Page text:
The legislation that prohibits public places from being named after people involved in 20th-century totalitarian regimes was introduced in Hungary over 10 years ago. Nevertheless, there is still a slew of streets, squares, and other public spaces named after some of the questionable figures of the 20th century—mostly people who were involved in the Hungarian state socialist dictatorship, in the honour of whom many streets were named before 1989.
Albeit the very purpose of naming a place after a person is to glorify them, this is not the reason why these street names were preserved—they were simply untouched after the fall of the Berlin Wall because their existence was forgotten.
According to a list comprised in 2019, there are 698 public places named after people involved in totalitarian regimes in Hungary.
The Community of Hungarian Patriots who made the list sent an official complaint to all the regional municipalities where they found public places named after state socialist ‘heroes’. Despite the request to comply with the country’s anti-communist legislation and rename these places, some still have retained their original names. The most extreme example of a ‘surviving’ communist street can be found in Kisbágyon, Nógrád County, where a street is called Lenin Street, as the Hungarian political magazine Mandiner pointed out.
These street names do occasionally lead to public outrage.
In 2017, Fegyvernek (a 6,500-strong town in Jász-Nagykun-Szolnok County) made it into the news as the town had both a Marx and an Engels Street. The mayor of the small settlement justified not changing the streets’ names by the excessive paperwork it would require to do so. About four years before the scandal, Fegyvernek already made an attempt to shake off its state socialist legacy and renamed 12 public places—places named after Marx, Engels, and Zoltán Schönherz (leader and martyr of the Hungarian workers’ movement) still retained their names, however. As part of the 2013 wave of renaming streets, for instance, Red Star Street was renamed after the famed Hungarian statesman Ferenc Deák, and the street named after the Red Army took on the name of Wendelin of Trier.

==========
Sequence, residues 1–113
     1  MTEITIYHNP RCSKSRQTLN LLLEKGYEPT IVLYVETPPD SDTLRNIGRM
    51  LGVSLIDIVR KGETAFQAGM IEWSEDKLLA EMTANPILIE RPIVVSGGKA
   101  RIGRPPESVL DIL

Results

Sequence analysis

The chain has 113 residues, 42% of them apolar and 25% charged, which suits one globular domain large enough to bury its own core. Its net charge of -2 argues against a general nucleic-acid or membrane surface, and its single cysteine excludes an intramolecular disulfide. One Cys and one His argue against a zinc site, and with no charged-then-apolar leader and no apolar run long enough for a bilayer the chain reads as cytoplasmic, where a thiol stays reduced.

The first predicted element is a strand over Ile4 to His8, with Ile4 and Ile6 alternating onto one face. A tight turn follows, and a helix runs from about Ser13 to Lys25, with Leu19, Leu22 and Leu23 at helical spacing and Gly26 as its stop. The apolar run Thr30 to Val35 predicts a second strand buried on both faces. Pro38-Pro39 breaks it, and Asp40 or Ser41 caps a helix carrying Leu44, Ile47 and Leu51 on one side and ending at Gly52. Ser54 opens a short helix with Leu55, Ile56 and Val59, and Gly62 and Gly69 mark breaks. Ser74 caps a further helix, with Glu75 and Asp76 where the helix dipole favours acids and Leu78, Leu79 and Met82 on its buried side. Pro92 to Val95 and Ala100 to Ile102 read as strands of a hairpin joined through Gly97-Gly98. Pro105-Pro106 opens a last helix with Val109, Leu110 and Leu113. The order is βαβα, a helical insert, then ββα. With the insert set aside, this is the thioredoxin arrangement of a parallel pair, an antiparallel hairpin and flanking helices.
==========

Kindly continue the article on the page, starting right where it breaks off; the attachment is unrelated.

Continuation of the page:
According to the list comprised by the Community of Hungarian Patriots, Bács-Kiskun county was the leader in questionable public place names. In this South Hungarian county, a total of 109 locations named after people involved in the introduction and maintenance of 20th-century totalitarian regimes were counted. Szabolcs-Szatmár-Bereg country had the second most inadequate street labels; there, 60 such cases were reported by the Community. In 2019 in Budapest, the organization counted 35 places, while Zala and Tolna counties had the least number of disputed street names, only seven and five, respectively.
Some of the listed names are less problematic (such as the ones named after Gagarin). However, there are four public places included in the tally named after Béla Kun (leader of the Hungarian Soviet Republic after World War I; Kun was also involved in the so-called ‘red terror’ that led to the murder of many innocent people), 24 after Karl Marx, and four after Friedrich Engels.
The anti-communist website also made available the new names of the public places in case they were recently changed.
Some modifications are rather creative—in Bács-Kiskun county, the street named after Imre Mező, a Communist politician who was killed fighting against the 1956 revolutionaries who rebelled for Hungary’s freedom and sovereignty, was renamed to Mező street, which means ‘Field street’ in Hungarian. This small but creative edit, that entirely changed the meaning and social-historical context of the locality, also shows
the tension between the excess administrative burden involved in changing the names of these streets and the need to cleanse Hungary’s history from totalitarian narratives.
Such small but meaningful alterations also enable people living in the street to better adapt to the changes —while it is difficult to get used to radical novelties (for instance, even years after renaming Budapest’s Moscow Square to Széll Kálmán Square, people still often call it by its old name), people can get used to such small changes easily.
Most likely similar considerations led to the renaming of Ferenc Erdei Street (a Communist politician who was a minister under the totalitarian and lawless Rákosi years) to Erdei Street (Forest Street). In Bács-Kiskun County, the town of Kecel made a similarly creative change. It, on the one hand, erased the connections to the Communist past, but, on the other hand, did not burden residents with having to remember a radically new name. István Dobi Street (named after a high-ranking Communist politician and long-time President of the Hungarian Council of Ministers) was renamed to Dobó Street, after a true Hungarian hero, István Dobó, who made an unforgettable contribution to Hungarian history by defending the fortress of Eger against the Ottoman invasion in 1552.
Right after 1989, the names of public places and memorials went through a series of rapid changes. Most places dedicated to totalitarian regimes were eliminated—but not all of them. Since the 1990s, the replacement of these old names which still reflect the country’s totalitarian past has been happening slowly. Despite that, hopefully, Hungary will gradually rid itself of all signs of having glorified totalitarianism and the people who maintained it.